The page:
Maria Full of Grace, Apr 05


Like most 17-year-old Colombians, Maria is trapped. Her wages at the rose plantation barely support her, let alone her mother, her sister, and her sister’s fatherless baby. Maria deeply resents her family for depending on her. And she resents her job supervisor for not being more respectful. And if that’s not enough, she discovers that her boyfriend, for whom she has no amorous feelings, has gotten her pregnant.

The proud Maria quits her job with no options on the horizon. Until she entertains the lucrative but risky proposition of being a “mule” or heroin smuggler. Lured by a $5000 paycheck for a short adventure to New York with the appearance of little risk, Maria signs on. Ironically, while she quit her plantation job to maintain her dignity, she is about to risk her life to get treated like freight.

The triumph of this quasi-documentary lies in its ability to tell Maria’s story so gently that its full impact may elude us until we have time to digest what we’ve seen. And digest is the operative word, as a mule’s job is transporting two pounds of heroin from Bogota to New York by swallowing 60 thumb-sized pellets. And if one pellet breaks, the transporter dies.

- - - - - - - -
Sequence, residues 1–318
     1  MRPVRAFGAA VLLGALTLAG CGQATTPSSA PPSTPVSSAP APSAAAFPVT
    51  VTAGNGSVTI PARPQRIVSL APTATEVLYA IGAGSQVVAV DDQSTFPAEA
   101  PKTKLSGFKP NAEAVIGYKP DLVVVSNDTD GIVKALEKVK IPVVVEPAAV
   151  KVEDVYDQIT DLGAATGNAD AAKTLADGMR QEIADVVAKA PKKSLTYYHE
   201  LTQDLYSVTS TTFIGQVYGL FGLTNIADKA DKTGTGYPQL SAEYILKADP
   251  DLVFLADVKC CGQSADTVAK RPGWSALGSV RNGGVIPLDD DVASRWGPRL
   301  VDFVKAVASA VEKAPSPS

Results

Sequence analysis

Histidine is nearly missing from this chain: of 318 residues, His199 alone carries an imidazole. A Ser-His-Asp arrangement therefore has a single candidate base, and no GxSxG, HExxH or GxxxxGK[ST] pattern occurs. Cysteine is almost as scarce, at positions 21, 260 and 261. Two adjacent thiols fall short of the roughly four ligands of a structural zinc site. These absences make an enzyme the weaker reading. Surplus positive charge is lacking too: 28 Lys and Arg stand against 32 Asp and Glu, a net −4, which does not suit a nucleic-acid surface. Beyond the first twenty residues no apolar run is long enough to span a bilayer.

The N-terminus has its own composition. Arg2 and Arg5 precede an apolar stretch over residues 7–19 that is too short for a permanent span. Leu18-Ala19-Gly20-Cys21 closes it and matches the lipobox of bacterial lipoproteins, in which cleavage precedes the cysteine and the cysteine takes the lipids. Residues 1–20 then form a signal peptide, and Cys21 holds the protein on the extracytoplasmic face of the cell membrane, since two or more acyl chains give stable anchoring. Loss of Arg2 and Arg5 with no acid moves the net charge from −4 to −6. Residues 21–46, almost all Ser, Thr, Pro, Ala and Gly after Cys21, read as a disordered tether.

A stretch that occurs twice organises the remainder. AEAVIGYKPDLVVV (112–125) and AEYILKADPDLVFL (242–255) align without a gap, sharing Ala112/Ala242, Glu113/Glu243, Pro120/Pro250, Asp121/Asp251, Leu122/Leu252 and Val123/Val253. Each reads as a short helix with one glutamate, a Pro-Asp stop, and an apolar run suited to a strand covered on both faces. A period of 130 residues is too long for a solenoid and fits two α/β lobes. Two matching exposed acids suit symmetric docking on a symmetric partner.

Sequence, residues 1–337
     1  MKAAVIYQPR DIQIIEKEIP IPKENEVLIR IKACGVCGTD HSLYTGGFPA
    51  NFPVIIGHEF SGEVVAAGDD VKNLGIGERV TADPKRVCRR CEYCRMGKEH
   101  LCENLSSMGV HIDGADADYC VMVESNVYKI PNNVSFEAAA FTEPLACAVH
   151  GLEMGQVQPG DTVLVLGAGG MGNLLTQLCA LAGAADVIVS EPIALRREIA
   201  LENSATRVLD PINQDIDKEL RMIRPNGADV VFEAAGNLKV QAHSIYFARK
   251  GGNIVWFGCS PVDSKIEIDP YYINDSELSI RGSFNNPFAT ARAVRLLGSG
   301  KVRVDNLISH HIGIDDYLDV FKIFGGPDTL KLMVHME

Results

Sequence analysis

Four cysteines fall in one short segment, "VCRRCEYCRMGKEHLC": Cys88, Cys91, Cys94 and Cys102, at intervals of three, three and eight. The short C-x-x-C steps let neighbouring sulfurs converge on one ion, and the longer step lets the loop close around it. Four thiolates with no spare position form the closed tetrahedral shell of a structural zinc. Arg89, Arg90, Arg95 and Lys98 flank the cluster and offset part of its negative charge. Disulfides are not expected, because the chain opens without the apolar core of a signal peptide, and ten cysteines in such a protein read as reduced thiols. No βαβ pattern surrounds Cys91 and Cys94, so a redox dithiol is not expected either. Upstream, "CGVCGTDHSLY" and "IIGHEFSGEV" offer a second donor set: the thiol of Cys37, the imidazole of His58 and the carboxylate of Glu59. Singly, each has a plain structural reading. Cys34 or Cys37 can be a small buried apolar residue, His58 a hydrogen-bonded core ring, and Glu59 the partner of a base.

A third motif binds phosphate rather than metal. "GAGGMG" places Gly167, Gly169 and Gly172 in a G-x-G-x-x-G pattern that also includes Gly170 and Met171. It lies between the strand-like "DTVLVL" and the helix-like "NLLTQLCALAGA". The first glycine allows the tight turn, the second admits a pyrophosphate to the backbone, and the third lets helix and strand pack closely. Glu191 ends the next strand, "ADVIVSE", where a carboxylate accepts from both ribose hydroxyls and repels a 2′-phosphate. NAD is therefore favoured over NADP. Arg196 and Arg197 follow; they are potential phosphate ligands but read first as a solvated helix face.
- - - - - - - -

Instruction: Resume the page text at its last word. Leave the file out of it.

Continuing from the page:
Casting first-time actors, including Oscar-nominated Catalina Sandino Mareno as Maria, newcomer writer/director Joshua Marston reveals this disturbing underground story. And the role of real-life humanitarian Don Fernando stars Orlando Tobón, who finds employment for Colombian immigrants of Queens, NY, and raises funds for the burials of mules who perish on the job.

While a couple of plot points do not get fully addressed, we are nonetheless amazed by the chilling account of Maria, a brave young woman of extraordinary character. Marston’s extensive research delivers a slice of celluloid reality that is shown in Columbia to dissuade its citizens from entering an illegal vocation where arrest or death are likely, but no one will care. Because in the powerful Colombian underworld, drugs and money are sacred, and human life is cheap. (Spanish with English subtitles)